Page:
It is extremely difficult to think of the modern world being without entertainment of any kind. People have developed the cult of music, literature and visual art. One of the greatest entertainment pieces are drawn comic books, which gave rise to an entire industry.
Although most of the comic books represent both female and male superheroes, in Marvel’s Avengers, the women are shown as sexual objects and minor characters while men are depicted as intelligent and powerful heroes.
Since the inception of the comic book industry there have been a lot of controversies surrounding female figures, especially, their physical appearance, gender roles and stereotypes. A strong hero, leader and a desirable woman at the same time– this is how females were described throughout their history of successes and failures in the comic series. Female superheroes are representatives of the femininity and therefore fan engagement is very important, although only one hero – the Wonder Woman, was featured in the top 100 sold comics (Covich). To my biggest regret, they have become sexualized objects created by men for the male audience. Males, on the other hand, are illustrated as gods, machos, super strong and dangerous figures.
I strongly hold the view that the best representation form of art is the cinematic imagery. Only because of such a form we are able to see and hear the fantasy on the big screen. As it was noted, one of the best movie franchises of the modern world is the “Avengers”, created by Marvel. The series focus the attention on strong masculine heroes and leave relatively small space for the female ones and their glory; on the contrary, the latter ones are depicted as object of male gaze. Female representations maintain dominant patriarchal ideology through sexism. Logically, women are passive characters in most comic books. At the same time, it would be wrong to say it is their only position. By the same token, female in Avengers – Natasha Romanoff, is portrayed as sexually liberated, empowered, independent which leads to conclusion that women enjoy to represent themselves as sex objects. By depicting women as inferior characters and physically weaker heroes, they stress the male masculinity and construct their femininity to oppose men. Overall, in all comic books or movies, in most cases something happens to women. If compared to male characters, women remain the same throughout the whole movie, even though they are usually active. Their stories are designed to accentuate the male superheroes’ arcs. Mostly, girls function to serve as love interest, objects that inspire love or fear and constitute source of support to men. They are the tender heroines, weak and in need of protection from possible harm.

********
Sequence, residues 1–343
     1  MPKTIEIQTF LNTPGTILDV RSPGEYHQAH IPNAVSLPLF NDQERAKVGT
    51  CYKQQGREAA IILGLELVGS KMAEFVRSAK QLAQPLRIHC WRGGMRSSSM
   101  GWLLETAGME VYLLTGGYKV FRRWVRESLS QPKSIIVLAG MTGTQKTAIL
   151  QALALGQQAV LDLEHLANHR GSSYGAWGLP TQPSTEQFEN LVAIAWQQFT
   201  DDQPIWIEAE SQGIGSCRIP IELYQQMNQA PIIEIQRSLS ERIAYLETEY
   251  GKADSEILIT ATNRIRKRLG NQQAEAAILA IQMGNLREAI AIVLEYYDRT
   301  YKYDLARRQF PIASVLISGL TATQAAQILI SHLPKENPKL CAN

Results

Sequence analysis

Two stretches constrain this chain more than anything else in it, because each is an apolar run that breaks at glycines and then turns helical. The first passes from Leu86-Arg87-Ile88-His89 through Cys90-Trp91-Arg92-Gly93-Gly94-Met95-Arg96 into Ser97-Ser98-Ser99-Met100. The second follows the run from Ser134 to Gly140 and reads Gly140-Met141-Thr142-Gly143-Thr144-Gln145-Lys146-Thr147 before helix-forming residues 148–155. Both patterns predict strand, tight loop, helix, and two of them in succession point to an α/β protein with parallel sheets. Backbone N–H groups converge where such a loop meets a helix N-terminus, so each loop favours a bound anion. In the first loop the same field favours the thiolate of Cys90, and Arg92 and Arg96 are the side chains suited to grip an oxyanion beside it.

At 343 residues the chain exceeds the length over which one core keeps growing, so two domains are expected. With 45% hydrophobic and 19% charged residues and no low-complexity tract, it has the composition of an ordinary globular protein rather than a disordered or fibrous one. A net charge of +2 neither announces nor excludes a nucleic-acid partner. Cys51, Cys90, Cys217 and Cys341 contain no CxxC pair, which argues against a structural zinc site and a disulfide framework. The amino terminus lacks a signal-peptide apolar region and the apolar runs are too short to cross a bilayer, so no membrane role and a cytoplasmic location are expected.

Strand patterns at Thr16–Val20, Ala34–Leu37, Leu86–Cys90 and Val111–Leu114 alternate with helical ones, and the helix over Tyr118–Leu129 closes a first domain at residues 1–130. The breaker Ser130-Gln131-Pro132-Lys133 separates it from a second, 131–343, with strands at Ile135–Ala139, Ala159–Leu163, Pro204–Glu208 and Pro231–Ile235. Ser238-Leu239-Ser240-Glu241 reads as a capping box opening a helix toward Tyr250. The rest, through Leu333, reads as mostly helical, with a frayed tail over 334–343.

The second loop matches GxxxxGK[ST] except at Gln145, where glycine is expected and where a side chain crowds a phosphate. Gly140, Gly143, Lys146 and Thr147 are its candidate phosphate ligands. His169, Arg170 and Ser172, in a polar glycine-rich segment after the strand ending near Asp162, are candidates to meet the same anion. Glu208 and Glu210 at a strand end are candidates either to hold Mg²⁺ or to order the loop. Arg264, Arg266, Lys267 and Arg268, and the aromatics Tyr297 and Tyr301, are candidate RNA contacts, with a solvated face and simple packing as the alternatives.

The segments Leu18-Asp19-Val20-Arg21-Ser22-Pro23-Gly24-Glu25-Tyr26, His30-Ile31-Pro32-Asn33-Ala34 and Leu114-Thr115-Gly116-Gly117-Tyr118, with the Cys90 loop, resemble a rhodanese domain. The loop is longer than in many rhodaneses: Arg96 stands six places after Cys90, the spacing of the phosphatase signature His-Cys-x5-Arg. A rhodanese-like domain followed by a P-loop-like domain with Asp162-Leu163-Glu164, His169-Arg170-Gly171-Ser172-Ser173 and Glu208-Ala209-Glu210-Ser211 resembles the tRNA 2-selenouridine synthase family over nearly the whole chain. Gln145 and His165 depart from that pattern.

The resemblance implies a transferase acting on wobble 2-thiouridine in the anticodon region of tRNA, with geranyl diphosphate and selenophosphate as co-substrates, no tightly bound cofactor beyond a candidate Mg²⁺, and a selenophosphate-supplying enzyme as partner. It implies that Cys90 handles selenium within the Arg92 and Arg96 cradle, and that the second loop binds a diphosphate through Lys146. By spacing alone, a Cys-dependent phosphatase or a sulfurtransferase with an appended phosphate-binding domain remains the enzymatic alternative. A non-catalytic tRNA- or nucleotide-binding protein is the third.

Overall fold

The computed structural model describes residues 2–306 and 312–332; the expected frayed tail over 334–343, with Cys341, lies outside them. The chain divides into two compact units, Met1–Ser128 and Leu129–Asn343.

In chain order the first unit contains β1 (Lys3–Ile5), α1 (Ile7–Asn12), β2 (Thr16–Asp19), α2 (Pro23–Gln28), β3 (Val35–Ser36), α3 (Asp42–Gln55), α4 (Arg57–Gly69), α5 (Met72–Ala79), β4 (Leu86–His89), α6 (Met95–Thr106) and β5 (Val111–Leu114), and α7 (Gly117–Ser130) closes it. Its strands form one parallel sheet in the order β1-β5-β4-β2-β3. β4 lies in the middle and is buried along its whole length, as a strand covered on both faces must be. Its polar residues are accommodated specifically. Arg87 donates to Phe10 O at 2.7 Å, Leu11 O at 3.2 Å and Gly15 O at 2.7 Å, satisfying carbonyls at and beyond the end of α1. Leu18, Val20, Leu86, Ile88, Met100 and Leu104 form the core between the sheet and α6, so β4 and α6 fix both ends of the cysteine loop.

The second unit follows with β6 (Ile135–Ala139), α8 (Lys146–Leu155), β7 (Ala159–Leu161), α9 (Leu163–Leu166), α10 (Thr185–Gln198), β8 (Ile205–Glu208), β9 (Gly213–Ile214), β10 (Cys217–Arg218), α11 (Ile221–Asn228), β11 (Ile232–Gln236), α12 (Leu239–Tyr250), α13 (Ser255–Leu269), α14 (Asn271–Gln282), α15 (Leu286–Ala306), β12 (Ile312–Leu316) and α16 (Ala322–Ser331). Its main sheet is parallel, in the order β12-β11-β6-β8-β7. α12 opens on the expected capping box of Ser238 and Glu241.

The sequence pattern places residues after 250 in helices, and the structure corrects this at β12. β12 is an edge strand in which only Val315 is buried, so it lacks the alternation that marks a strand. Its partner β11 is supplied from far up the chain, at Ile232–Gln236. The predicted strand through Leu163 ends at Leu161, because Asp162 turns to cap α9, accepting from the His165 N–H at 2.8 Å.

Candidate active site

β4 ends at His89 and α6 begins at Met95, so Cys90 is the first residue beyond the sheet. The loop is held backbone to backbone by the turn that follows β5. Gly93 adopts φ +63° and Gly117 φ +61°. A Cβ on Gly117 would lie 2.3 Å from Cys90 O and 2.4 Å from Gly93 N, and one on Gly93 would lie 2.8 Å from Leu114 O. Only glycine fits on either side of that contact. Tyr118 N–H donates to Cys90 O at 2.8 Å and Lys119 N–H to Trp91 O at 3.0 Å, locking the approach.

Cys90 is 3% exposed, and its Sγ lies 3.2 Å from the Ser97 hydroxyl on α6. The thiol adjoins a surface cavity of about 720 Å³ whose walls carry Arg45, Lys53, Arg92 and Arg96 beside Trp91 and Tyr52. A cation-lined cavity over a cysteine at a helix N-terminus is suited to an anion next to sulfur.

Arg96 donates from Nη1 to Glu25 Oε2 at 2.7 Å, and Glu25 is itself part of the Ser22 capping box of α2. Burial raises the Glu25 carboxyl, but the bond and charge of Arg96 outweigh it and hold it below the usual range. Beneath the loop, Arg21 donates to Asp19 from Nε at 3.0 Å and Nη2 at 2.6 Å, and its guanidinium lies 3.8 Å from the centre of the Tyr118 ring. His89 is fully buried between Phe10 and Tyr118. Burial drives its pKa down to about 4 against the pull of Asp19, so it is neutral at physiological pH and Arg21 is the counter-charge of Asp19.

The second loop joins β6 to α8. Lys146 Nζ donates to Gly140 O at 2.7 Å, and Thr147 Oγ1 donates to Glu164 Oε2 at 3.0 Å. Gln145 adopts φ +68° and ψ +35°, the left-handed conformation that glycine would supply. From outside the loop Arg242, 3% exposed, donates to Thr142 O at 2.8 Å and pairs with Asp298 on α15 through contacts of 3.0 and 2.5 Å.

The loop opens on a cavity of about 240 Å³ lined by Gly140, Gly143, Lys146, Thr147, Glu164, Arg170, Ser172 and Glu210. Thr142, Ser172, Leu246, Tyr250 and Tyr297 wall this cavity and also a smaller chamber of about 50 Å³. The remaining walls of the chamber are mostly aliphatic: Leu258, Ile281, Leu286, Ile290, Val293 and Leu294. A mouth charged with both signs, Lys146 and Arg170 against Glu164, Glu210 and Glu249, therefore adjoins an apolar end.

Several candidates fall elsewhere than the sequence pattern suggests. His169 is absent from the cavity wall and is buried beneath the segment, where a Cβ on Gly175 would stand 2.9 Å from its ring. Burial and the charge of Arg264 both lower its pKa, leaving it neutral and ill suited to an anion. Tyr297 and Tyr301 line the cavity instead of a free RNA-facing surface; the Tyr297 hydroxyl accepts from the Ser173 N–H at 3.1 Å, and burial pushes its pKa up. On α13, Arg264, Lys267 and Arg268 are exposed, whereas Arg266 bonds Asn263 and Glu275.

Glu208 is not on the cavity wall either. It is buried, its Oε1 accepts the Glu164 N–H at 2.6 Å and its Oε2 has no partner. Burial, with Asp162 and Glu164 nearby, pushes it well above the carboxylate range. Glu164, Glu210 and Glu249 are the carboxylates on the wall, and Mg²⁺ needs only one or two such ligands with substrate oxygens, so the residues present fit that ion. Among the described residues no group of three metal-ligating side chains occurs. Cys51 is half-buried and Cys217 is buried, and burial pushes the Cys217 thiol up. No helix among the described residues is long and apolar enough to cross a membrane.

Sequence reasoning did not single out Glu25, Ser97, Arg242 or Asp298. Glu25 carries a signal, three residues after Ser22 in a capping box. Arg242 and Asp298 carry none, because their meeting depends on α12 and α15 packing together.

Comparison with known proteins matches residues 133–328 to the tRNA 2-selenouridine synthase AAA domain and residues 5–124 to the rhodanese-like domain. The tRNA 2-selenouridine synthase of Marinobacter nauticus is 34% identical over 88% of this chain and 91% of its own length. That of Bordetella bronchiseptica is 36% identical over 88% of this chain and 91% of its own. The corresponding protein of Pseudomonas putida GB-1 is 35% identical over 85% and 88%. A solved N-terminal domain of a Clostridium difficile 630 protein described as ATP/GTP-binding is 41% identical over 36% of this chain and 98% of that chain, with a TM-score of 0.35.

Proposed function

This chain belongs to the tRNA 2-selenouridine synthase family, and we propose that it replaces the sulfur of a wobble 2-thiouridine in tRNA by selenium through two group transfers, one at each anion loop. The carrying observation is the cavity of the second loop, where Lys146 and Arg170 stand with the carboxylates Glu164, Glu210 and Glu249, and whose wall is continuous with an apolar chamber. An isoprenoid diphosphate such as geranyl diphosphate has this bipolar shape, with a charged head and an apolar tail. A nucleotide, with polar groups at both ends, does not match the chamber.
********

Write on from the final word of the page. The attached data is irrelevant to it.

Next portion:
Natasha Romanoff, known as the Black Widow, is more of an active female hero. She is a driven military woman who takes on a pro-active role. Despite her empowering features of character, she is a background character. Natasha is regulated by military commanders, serves to help her superhero mates, provide support to them, and is, essentially, portrayed as a “back-up”. Black Widow uses her hyper sexuality as a useful espionage tactic. There are hypotheses that highlight the difference between the female and male superheroes. While one considers female voice as representation of the appearance and not strength, the others think there is no difference at all (Davis).
Another import aspect which has to be highlighted is the costume. Whilst male superheroes’ costumes bring attention to the powers, strengths, masculinity, the female ones emphasize bodies for objectification. Natasha wears tight costume that shows her cleavage and does not represent her skills. Moreover, when Black Widow walks on the streets, her outfit is also tight fitted (DeMarchi).
Disappointingly, Natasha Romanoff in Marvel’s “Avengers” lacks institutional and political focus. It is not that women face gender discrimination, but in the series she is simply desired as a game for the male characters.
Dunne notes that, apart from the modern day Avengers heroes, the 1960s female characters are mostly wives, mothers and secretaries. It is worth to mention that period was the richest regarding creation of female characters in comic books. Likewise, Black Widow, the first female superhero – the Wonder Woman, has her alter ego as well – Diana Prince, who was a military nurse, a unique character that was modeled as feminist. When the cartoonist died she was placed as one of the Justice Society of America characters. It is the moment when super heroine’s role was underestimated as a strong fighter because her main duties were secretarial: she took phone calls and dispatched help. She went through many transformations and learned martial arts later on. The Wonder Woman is the most popular and favorite heroine of all times. Same as Natasha Romanoff, she has faced the change of physical image, professional role and the story line.